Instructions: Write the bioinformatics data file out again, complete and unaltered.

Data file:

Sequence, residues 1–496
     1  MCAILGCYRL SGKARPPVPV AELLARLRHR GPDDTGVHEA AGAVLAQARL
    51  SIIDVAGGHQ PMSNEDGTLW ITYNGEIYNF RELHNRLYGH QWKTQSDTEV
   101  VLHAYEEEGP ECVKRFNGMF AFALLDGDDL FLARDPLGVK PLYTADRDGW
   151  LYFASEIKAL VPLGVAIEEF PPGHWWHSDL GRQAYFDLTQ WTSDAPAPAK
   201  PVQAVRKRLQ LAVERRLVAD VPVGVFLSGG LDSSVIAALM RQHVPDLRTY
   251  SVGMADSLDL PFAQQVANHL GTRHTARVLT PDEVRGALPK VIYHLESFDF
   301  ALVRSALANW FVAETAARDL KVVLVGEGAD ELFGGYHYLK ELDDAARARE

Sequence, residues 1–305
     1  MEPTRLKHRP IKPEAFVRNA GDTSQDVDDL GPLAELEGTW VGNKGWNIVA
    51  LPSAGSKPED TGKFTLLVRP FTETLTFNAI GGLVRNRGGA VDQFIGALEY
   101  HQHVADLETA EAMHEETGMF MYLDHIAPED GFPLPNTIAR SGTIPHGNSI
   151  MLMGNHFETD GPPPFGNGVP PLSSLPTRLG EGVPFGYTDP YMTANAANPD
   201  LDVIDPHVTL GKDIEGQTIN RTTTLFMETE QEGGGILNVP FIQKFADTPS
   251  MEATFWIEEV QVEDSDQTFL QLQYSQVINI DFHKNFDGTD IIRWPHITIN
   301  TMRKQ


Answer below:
Sequence, residues 1–496
     1  MCAILGCYRL SGKARPPVPV AELLARLRHR GPDDTGVHEA AGAVLAQARL
    51  SIIDVAGGHQ PMSNEDGTLW ITYNGEIYNF RELHNRLYGH QWKTQSDTEV
   101  VLHAYEEEGP ECVKRFNGMF AFALLDGDDL FLARDPLGVK PLYTADRDGW
   151  LYFASEIKAL VPLGVAIEEF PPGHWWHSDL GRQAYFDLTQ WTSDAPAPAK
   201  PVQAVRKRLQ LAVERRLVAD VPVGVFLSGG LDSSVIAALM RQHVPDLRTY
   251  SVGMADSLDL PFAQQVANHL GTRHTARVLT PDEVRGALPK VIYHLESFDF
   301  ALVRSALANW FVAETAARDL KVVLVGEGAD ELFGGYHYLK ELDDAARARE

Sequence, residues 1–305
     1  MEPTRLKHRP IKPEAFVRNA GDTSQDVDDL GPLAELEGTW VGNKGWNIVA
    51  LPSAGSKPED TGKFTLLVRP FTETLTFNAI GGLVRNRGGA VDQFIGALEY
   101  HQHVADLETA EAMHEETGMF MYLDHIAPED GFPLPNTIAR SGTIPHGNSI
   151  MLMGNHFETD GPPPFGNGVP PLSSLPTRLG EGVPFGYTDP YMTANAANPD
   201  LDVIDPHVTL GKDIEGQTIN RTTTLFMETE QEGGGILNVP FIQKFADTPS
   251  MEATFWIEEV QVEDSDQTFL QLQYSQVINI DFHKNFDGTD IIRWPHITIN
   301  TMRKQ